Tuesday, March 6, 2012

PHYLLIS JEAN, MY FIRST BEST FRIEND

WHAT DO YOU TELL YOUR MOM WHEN YOU SEE YOUR BEST FRIEND'S MOTHER ENTERTAINING SAILOR GUYS AFTER WORK?

DO YOU REMEMBER YOUR FIRST BEST FRIEND? DO YOU REMEMBER WHAT YOU LIKED TO DO TOGETHER AND WHAT YOU PLAYED? PLEASE COMMENT BELOW AND TELL US
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     My  first girl friend, my first best friend, I  remember, was Phyllis Jean. She
and I walked to school together every day when I was in the second grade in
Clinton. She lived across the  street from the six story brick hotel where I was
 living with my family.
     She and her mother lived in a cheap, frame motel across the street that was
convenient to her mother's work. Her  mother was a waitress at the hotel and our
mothers met shortly after we moved to our temporary home in the hotel.
     Phyllis Jean's mother invited me to their little one room efficiency living
quarters to play after she got home from work. Mother invited Phyllis to
visit me at the hotel. Sometimes we walked up town a few blocks to the
picture show.
      Since she and I both had constrained living quarters our play was somewhat
 limited to our choice of activities. But we did choose to role play, which is
an important step in child development, according to both psychology and
sociology..
     Whom did we choose to emulate? We chose  secretaries. My mother was
 not a secretary nor was phyllis's mother. However, In the 1940's women's roles
were somewhat limited and secretaries were glamorized in the movies. Outside
 of being housewives,  waitresses,  nurses and maybe teachers, women had
few careers to choose from.
     Phyllis and I set up tables for make-believe desks and found hotel stationary
and pencils to write with at the hotel.  We took turns taking notes, as the other was
 the boss.
     One day after school I walked across the street to play with Phyllis Jean. Her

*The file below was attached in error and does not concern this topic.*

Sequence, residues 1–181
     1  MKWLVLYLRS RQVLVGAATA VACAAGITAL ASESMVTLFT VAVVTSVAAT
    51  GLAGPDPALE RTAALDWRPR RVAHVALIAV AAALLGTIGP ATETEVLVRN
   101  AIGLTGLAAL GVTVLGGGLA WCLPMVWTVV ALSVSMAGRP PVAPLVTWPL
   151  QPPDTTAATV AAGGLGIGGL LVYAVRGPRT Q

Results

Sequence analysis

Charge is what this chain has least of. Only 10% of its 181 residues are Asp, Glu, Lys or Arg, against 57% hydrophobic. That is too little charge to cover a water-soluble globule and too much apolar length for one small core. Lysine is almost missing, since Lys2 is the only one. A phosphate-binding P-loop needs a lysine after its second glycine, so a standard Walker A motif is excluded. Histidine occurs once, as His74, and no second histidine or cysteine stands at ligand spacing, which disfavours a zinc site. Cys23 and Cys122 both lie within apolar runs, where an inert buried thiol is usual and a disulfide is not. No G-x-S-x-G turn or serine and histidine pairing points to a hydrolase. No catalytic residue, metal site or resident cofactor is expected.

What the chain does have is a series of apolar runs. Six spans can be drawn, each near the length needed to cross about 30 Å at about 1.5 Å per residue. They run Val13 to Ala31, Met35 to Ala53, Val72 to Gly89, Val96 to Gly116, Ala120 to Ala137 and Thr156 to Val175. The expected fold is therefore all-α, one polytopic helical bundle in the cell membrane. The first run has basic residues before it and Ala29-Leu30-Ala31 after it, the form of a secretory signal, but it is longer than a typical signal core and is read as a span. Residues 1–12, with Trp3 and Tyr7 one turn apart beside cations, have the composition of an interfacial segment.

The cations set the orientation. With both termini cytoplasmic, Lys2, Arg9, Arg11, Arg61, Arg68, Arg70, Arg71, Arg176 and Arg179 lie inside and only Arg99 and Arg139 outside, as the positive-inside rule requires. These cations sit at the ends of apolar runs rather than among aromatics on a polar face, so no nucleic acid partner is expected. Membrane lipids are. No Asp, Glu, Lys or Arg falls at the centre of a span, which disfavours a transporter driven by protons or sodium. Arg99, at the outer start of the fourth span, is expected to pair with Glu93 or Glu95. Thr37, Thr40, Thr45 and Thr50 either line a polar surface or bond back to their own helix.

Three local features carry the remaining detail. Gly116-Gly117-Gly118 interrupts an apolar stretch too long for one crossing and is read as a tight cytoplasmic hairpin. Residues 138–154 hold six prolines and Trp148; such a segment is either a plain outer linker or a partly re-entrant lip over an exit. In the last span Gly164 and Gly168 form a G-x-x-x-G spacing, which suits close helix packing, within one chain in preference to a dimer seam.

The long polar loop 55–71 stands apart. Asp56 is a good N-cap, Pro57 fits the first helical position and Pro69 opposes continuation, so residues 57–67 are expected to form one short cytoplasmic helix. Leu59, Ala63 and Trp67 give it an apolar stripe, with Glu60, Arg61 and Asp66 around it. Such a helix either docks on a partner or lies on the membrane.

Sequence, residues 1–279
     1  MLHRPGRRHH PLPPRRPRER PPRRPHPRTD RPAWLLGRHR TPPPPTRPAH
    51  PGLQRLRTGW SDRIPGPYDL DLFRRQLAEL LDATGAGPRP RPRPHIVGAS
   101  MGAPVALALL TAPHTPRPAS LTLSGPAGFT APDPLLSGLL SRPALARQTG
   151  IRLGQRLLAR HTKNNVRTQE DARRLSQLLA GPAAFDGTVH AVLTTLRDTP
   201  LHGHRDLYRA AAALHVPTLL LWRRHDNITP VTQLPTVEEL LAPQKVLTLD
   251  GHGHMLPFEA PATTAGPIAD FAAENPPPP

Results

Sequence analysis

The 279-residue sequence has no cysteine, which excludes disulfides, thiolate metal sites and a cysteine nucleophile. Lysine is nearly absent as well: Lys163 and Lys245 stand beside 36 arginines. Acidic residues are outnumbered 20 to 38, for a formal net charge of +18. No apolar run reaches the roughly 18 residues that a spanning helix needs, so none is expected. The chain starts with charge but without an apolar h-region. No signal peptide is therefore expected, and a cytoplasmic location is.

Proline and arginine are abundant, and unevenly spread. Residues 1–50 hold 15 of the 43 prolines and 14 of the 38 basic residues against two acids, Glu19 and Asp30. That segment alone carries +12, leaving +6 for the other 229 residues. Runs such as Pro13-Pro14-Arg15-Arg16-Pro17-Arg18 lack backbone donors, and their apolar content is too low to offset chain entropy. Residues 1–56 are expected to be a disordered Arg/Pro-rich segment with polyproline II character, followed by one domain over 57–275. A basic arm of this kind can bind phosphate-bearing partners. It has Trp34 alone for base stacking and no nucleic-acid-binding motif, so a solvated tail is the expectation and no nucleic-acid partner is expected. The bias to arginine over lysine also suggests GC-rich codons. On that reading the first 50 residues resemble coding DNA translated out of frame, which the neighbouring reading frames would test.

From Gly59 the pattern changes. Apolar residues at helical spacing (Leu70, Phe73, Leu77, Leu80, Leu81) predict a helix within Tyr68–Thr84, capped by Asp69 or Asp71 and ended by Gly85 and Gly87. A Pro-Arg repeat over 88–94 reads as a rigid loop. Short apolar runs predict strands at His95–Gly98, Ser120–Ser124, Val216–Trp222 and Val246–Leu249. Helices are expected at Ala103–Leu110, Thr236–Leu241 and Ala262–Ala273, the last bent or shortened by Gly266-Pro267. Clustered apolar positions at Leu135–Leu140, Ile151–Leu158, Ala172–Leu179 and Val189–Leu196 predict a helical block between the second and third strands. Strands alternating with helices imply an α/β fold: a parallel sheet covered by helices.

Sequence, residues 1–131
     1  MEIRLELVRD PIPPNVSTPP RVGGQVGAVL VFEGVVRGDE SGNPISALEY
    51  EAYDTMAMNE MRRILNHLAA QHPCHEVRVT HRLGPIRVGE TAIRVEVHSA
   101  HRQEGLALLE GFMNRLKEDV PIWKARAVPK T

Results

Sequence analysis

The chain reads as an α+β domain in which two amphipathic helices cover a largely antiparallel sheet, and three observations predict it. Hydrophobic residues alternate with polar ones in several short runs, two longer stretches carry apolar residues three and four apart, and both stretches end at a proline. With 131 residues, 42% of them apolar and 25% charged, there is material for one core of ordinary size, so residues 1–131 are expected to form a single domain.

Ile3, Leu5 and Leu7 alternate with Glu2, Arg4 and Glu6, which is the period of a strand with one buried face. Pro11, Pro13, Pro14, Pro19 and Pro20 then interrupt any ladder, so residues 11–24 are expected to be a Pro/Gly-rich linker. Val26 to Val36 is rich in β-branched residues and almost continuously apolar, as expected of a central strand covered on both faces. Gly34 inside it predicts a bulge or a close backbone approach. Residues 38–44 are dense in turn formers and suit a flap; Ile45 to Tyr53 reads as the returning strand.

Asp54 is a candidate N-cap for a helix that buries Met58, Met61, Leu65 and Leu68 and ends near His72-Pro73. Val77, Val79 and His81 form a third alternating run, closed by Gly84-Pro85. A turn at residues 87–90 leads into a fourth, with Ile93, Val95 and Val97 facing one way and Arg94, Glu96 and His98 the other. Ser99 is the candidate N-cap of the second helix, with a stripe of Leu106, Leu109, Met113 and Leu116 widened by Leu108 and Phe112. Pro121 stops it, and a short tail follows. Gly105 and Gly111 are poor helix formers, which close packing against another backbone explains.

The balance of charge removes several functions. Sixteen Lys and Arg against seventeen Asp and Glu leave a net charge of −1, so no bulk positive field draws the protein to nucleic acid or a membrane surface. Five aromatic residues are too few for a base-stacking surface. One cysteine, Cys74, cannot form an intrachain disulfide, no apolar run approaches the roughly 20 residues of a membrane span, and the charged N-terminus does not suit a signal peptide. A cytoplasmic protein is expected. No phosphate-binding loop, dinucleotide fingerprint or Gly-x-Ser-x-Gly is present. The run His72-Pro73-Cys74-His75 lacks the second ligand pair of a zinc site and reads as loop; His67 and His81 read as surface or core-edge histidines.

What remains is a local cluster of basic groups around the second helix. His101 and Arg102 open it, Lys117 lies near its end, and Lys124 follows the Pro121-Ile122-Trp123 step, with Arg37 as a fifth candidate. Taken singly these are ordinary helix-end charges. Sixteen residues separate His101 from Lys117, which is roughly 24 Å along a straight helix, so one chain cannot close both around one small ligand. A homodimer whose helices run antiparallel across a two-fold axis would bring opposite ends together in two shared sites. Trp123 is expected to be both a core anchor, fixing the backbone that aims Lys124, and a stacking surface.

mother was already home from work. Her mother's girlfriend was visiting her. We
were gong to  play office, but  realized that we wouldn't have much space.
Shortly after I arrived, two sailor guys paid a visit too. By then the room was
 really getting crowded.
     They were so happy to see Phyllis's mother and her friend, because they  gave
them a lot of kisses.They had worked all day and I think they were tired because
 they laid on the bed and exchanged more hugs and kisses. One of the sailor guys
 reached in his pocket and pulled out a hand- full of change and gave it to us and
 told us to walk up the street to the dime store and buy whatever we wanted and
we could take as much time as we wanted.Boy did that make us happy because
now we could buy some real office supplies to play office with.
     When we got to the dime store we took our time finding what we wanted
 to buy. We bought receipt pads, tablets, pencils, erasers, and whatever struck
our fancy. And  we walked up and down the aisles, making sure we hadn't
missed anything. It was a great way to spend the afternoon, an opportunity
we never had before.
     When we got back to Phyllis's her mother's guests were gone and her mother
was asleep.
     I went back to my home at the hotel, across the street. When mother saw me,
she wanted to know what Phyllis Jean and I did. I told her we just played around.
I never did tell mother what actually happened. Mother had told me earlier that
some people at the hotel said ugly things about Phyllis's mother, but she never
believed them. For some reason, I was afraid she might not like what we did
and saw that day.
     I loved Phyllis Jean. She was my best friend. In fact, she was my only friend
and I didn't want anything to happen to our friendship.















1 comment:

  1. Hi Janine - what a poignant story - and having to hide it from your mother must have been hard. I saw your comments in Linked In about leaving with a question. I think that would have been a good way to end this one. Definitely an interesting little read.

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